The ecoOrchards want to educate in composting practices, to identify their benefits in reducing organic solid waste that reaches the landfill.
Due to the pandemic, interest in producing food from home, and also in applications for the implementation of orchards, has increased. Therefore, the Secretariat has strengthened training through partnerships with institutions such as the Urban Development Enterprise (EDU, for its acronym in Spanish), the Secretariat for Youth and the Remington Educational Institution. “By September, there were about 4,200 people trained to grow their own orchards. In that month, we resumed face-to-face visits, with the aim of strengthening existing orchards and implementing new ones.”
Several secretariats have included strategies geared toward ecoOrchards: Social Inclusion, Women, Education, Economic Development and Youth. The objective is to strengthen the project and unify a collective work plan, to have a greater impact on the city.
Among the youngest, the “Terrestres” strategy was implemented. “This will serve to strengthen food security, the sustainability of the planet, and, of course, as a result, improve our mental health,” says Alejandro Matta, Secretary for Youth. 441 young people between the ages of 14 and 28 have already received the first kits. Thus, the participation of the whole community in the construction of an Ecocity is reaffirmed.
What is an Ecocity?
The fourth strategic line of the Plan for Development “Medellín Futuro 2020 – 2023” focuses on the creation of an Ecocity, “a commitment to the recognition of the interdependence between human beings and ecosystems in general, to promote alternative forms of production, reproduction of life and habitability in the territory,” as read in the document.
The main objective is to definitively link Medellin into dynamics for environmental sustainability. To achieve this, goals were established from four components:
- Sustainable and intelligent mobility.
- Public utilities, alternative energy and solid waste utilization.
- Conservation and protection of all life forms.
- Ecological urbanism.
The quality of the air in the city and the growth of the number of vehicles create new challenges on mobility for the capital of Antioquia. In the construction of an Ecocity, the objective is to consolidate mobility with an integrated transport system, which guarantees universal accessibility and generates health-friendly corridors, which protect all road actors and guarantee their safety and continuity in their commuting.
Lina Lopez, manager for Human Mobility, assures that the role of active mobility becomes a key factor in the dreamed Ecocity. “It seeks for more people to walk and ride bikes, or integrate their walks or bike trips with public transport.”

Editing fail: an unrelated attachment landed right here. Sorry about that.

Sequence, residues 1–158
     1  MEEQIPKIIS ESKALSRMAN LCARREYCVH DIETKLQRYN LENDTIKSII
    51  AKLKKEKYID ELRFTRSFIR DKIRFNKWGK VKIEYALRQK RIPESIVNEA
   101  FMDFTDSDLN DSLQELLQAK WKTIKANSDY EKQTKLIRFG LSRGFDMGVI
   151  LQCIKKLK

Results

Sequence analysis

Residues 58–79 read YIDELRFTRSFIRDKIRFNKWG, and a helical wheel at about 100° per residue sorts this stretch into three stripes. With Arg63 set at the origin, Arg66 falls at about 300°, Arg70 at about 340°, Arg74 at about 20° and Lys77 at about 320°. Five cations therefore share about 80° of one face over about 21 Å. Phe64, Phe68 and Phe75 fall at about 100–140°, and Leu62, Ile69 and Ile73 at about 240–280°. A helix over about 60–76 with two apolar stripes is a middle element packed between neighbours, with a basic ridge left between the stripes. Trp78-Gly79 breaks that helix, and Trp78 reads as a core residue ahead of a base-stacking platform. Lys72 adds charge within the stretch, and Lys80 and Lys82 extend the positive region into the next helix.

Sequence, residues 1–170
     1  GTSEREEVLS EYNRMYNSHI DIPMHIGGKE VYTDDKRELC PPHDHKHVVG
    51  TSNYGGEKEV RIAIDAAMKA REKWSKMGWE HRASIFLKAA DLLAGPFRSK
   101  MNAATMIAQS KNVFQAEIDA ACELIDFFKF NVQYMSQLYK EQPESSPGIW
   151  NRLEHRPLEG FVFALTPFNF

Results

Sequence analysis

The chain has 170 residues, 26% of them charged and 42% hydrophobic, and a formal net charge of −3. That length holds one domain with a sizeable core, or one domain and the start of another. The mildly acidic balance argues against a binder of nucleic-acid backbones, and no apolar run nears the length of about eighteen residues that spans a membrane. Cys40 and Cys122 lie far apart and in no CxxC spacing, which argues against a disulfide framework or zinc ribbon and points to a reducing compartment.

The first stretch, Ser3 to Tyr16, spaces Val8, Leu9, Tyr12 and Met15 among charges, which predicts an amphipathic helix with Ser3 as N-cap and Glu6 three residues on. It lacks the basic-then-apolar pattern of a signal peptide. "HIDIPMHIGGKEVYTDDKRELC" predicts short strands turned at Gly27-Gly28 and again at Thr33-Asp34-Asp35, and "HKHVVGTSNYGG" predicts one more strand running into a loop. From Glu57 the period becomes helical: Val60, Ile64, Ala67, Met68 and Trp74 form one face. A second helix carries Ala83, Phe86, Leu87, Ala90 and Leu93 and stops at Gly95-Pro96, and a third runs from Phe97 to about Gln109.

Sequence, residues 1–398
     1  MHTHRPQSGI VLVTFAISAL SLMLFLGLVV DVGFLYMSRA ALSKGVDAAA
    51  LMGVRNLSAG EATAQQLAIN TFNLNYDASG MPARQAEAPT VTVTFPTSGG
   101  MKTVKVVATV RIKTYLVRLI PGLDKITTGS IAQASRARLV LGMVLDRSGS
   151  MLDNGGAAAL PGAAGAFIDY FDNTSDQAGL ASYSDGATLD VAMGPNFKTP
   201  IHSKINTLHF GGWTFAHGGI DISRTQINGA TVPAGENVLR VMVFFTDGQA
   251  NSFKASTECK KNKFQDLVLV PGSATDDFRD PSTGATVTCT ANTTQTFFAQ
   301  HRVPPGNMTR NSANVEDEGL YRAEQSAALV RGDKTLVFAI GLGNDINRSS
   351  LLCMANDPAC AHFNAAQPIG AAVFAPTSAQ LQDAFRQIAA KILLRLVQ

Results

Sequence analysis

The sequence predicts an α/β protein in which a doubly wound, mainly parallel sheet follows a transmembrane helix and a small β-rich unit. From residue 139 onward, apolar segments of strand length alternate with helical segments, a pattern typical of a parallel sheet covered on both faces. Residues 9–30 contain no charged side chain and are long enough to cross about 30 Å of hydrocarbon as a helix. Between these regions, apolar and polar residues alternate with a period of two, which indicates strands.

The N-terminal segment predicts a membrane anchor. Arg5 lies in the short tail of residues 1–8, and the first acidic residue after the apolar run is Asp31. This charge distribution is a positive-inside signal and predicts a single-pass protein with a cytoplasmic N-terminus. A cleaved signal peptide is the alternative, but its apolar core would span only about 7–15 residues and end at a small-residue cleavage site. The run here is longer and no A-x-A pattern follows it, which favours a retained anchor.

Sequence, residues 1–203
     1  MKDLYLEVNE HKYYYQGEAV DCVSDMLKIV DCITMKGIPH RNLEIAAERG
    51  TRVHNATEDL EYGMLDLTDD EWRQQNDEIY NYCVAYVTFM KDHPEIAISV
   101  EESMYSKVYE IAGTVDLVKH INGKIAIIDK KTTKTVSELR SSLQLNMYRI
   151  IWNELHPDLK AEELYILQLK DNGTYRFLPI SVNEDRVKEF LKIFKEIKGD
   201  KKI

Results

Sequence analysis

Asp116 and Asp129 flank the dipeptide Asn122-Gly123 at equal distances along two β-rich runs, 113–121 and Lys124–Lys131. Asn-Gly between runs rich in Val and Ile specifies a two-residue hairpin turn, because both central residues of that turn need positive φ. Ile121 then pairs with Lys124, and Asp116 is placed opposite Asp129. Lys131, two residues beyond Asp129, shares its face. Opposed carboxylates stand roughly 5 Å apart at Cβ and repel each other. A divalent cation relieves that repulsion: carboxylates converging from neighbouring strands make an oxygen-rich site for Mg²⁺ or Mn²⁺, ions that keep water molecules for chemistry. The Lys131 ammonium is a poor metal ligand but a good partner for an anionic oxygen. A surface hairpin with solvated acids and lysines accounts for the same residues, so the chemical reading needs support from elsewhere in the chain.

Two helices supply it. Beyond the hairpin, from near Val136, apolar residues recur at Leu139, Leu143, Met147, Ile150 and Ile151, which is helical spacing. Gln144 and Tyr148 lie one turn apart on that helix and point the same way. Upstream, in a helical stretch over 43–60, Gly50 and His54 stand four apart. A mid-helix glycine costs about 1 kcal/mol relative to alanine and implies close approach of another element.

It also makes us reflect on the traditional use of streets. “We have always been told that this is a public space used for motor vehicles, but active mobility invites us to rethink that space, how those environments should be changed so that people feel welcome to use different means of transport.”
The goal is to have more lanes designed to allow the transit of bicycles, that those streets have green spaces that invite people to commute, even more walking.
Educating the community is a medium- and long-term process. Infrastructure changes are necessary and become an inhibitor to transform behaviors. If you tell people, ‘Ride more by bike and walk,’ but as you walk out to the street what you see are spaces where the use of cars is prioritized, the gap between discourse and reality is even greater”.Lina Lopez, Human Mobility Manager of the Medellín Mayor’s Office
The Mayor’s initiatives are complemented by the strategies of the Metropolitan Area of the Aburrá Valley (AMVA). Its Plan of Management 2020-2023 Sustainable Future seeks to plant one million trees throughout the territory. To date, 250,000 have been planted. The strategy was highlighted by Juan David Palacio, director of AMVA, during the recent visit of the Danish ambassador, Erik Hoeg, who experienced Medellín by bike using the Encicla public bicycle system. This project has topped close to 14 million bike-loans through October, 2020, since its inception 9 years ago. With his visit, the Agency for Cooperation and Investment of Medellín reactivated its city tours with international allies. An opportunity to show the world why Medellín wants to be at the center of the conversation and an example of environmental sustainability.